I am trying to take an integer argument (1-65536) and turn it into two hex characters. If argument -t is -t20 then I need 0x01 0x04 in a character array for sending through a socket.
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``````char tstr[3];
char timetxt[6];

char chan;
char state;
char width[2];
} pp;
....
// get the arguments
case 't':         // if -t then do pulse command
cmd0 = 0x07;
strcpy(timetxt, &argv[1][2]);
// put some magic here  to get
// tstr[0] = 0x05;        // forcing 5 sec here
// tstr[1] = 0x00;
// when -t5

.....
// Populate the payload
pp.chan = cnl;
pp.state = st;
pp.width[0] = tstr[0];
pp.width[1] = tstr[1];
pdata = &pp;
char *paylp = (char*)pdata;
.....
// combine header and payload and send
printf("pulse command: to State %d, time %d \n ",st, tstr[1]);
strcat(command, paylp);
bytesSent = send(m_socket, command, 51, 0);``````

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Last Post by WaltP

I am trying to take an integer argument (1-65536) and turn it into two hex characters.

First problem -- 65536 cannot fit in 2 hex characters. 0-255 can, but 65535 takes 4.

If argument -t is -t20 then I need 0x01 0x04 in a character array for sending through a socket.

Convert the 20 into decimal, then use math to convert to hex characters. How does 20 become 0x01 0x04?

Relavent snippets:

There is no relevance to this code snippet since there is no attempt to do the conversion yet. Computers don't work by magic and we -- like magicians -- don't give away secrets. We will help guide you to the secrets, but we don't give them away. Try it first yourself. Search these forums.

> Convert the 20 into decimal, then use math to convert to hex characters. How does 20 become 0x01 0x04?
20 decimal is 0x14 in hex.

Contrived, I know, but perhaps they're trying to display nibbles on a 7-segment display which only reads the least significant nibble of each byte.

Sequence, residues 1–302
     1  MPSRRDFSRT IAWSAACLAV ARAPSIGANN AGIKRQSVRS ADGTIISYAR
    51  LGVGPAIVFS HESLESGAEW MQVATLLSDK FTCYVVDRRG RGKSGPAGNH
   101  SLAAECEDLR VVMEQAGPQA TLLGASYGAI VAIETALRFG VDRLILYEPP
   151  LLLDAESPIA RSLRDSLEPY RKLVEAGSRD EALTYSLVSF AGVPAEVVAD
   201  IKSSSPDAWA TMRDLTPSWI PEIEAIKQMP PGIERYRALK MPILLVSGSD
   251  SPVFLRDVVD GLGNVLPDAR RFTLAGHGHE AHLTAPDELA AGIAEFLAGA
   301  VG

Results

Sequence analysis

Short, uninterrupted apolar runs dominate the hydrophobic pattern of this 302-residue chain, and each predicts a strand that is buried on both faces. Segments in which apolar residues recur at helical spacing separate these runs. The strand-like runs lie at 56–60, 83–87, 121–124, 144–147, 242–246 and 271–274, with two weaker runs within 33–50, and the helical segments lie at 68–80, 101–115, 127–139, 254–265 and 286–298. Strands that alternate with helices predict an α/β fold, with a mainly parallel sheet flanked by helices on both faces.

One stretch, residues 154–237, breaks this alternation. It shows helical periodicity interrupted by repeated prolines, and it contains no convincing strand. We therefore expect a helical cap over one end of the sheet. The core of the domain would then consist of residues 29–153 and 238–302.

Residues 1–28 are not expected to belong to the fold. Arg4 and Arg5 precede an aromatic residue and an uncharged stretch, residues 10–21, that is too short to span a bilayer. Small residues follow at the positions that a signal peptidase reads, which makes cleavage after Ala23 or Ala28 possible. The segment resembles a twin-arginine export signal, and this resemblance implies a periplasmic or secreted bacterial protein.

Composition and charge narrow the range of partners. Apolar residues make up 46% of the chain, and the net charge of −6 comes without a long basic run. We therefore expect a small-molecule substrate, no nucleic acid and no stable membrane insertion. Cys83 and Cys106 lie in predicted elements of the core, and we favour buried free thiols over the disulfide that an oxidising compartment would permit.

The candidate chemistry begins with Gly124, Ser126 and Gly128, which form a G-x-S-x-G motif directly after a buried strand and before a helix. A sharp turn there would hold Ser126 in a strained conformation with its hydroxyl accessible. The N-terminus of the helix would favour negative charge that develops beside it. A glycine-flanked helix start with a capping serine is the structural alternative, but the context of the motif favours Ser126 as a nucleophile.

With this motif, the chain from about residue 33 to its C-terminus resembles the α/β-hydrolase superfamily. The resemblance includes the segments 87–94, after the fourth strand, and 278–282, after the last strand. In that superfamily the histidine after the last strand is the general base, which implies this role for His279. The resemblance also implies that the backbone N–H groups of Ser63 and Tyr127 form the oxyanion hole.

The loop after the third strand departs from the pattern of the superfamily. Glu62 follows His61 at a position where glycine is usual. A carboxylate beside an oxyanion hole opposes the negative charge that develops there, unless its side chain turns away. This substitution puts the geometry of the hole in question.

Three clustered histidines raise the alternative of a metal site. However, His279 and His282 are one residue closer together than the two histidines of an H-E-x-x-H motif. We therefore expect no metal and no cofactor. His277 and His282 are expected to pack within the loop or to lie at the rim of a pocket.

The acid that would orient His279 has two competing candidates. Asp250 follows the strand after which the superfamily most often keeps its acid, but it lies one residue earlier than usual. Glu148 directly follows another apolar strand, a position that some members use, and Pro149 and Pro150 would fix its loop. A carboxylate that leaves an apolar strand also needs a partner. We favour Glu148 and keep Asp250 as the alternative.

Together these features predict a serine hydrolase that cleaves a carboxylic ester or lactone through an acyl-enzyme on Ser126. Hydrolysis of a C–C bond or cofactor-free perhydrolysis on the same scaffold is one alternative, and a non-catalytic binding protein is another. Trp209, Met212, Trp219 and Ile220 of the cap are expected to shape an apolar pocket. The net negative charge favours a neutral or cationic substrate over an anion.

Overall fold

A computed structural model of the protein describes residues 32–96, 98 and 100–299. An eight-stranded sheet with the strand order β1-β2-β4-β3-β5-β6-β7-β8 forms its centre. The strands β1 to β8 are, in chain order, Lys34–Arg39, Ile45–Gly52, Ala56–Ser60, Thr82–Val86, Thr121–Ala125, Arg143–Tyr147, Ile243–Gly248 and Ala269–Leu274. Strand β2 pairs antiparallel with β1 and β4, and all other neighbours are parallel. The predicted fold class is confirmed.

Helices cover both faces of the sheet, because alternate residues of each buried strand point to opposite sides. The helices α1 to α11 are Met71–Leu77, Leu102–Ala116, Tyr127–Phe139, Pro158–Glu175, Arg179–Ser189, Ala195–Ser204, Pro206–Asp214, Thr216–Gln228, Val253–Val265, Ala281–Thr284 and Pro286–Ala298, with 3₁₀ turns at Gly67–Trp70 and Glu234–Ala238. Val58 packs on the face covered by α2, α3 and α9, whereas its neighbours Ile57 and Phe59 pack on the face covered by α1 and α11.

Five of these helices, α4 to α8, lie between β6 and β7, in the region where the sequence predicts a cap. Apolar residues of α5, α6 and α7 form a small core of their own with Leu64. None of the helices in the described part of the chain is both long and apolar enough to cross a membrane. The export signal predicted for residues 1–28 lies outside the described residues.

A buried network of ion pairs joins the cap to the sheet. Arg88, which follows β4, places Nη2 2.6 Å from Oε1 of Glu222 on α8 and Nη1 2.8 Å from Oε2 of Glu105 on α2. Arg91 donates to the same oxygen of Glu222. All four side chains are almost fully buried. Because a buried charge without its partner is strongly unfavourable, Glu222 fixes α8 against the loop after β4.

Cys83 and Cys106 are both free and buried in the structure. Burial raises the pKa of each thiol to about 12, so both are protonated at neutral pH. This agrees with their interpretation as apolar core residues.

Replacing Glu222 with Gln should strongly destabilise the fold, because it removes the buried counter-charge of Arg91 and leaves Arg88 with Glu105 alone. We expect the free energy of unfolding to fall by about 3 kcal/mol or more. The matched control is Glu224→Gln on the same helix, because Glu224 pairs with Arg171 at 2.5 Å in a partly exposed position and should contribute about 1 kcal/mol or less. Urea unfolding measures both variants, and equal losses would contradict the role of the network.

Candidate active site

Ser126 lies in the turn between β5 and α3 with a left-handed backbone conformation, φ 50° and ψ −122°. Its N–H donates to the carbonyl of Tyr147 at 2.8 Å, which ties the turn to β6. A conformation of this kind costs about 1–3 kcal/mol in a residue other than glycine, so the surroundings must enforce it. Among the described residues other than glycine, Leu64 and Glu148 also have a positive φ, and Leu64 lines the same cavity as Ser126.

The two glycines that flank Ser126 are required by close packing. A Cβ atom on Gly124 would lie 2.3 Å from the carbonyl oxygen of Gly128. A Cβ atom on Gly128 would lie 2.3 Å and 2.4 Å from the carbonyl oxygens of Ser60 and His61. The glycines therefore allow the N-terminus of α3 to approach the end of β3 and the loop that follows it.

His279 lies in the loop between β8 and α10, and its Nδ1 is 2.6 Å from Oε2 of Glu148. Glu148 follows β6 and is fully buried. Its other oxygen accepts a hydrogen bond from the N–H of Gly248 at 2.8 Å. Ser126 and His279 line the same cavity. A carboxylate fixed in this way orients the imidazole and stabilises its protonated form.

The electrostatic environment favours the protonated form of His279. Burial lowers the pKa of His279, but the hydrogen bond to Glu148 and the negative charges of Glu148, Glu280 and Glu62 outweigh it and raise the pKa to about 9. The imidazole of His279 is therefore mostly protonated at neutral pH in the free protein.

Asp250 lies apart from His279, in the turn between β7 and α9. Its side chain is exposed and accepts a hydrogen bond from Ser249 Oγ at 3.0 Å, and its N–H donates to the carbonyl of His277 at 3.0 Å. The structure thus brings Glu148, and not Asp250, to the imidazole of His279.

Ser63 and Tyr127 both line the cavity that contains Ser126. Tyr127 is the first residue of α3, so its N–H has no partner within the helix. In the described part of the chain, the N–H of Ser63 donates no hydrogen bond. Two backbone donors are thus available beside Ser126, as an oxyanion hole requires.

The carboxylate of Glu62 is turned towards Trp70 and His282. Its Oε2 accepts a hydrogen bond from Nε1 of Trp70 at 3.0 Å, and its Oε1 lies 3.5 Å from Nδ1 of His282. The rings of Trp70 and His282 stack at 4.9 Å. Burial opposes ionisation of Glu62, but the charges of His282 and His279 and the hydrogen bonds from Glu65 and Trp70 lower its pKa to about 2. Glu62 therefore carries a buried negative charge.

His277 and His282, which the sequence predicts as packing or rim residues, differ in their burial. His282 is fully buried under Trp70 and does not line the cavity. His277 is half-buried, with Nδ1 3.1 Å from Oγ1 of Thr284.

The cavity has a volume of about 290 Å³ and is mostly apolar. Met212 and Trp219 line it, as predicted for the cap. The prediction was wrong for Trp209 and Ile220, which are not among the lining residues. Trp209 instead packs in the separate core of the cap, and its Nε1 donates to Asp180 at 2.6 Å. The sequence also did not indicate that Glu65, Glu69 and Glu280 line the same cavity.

We need more details!

First problem -- 65536 cannot fit in 2 hex characters. 0-255 can, but 65535 takes 4.

Sorry for my noobliness and mistypes. In my thinking 65535 needs to map to two characters 0xff and 0xff

Convert the 20 into decimal, then use math to convert to hex characters. How does 20 become 0x01 0x04?

Sorry again. I meant 0x00 0x14.

There is no relevance to this code snippet since there is no attempt to do the conversion yet. Computers don't work by magic and we -- like magicians -- don't give away secrets. We will help guide you to the secrets, but we don't give them away. Try it first yourself. Search these forums.

I looked pretty hard first. I am a habitual lurker (you should have guessed that by my inability to post intelligently) Here's what I started with for conversion:

``````case 't':         // if -t then do pulse command
strcpy(timetxt, &argv[1][2]);
time = atoi(timetxt);
itoa(time, tstr, 16);
``````

When argument `-t10 => 0x10 = ('a') = 0x61` 61 seconds vs. desired 10.

Edited by mike_2000_17: Fixed formatting

There is no conversion.
20 decimal is stored in an integer as 0x00 0x14
You just send the least significant 16 bits of your int - that's all.

> Convert the 20 into decimal, then use math to convert to hex characters. How does 20 become 0x01 0x04?
20 decimal is 0x14 in hex.

I understood. It was a Q to the OP -- wondering if he understood.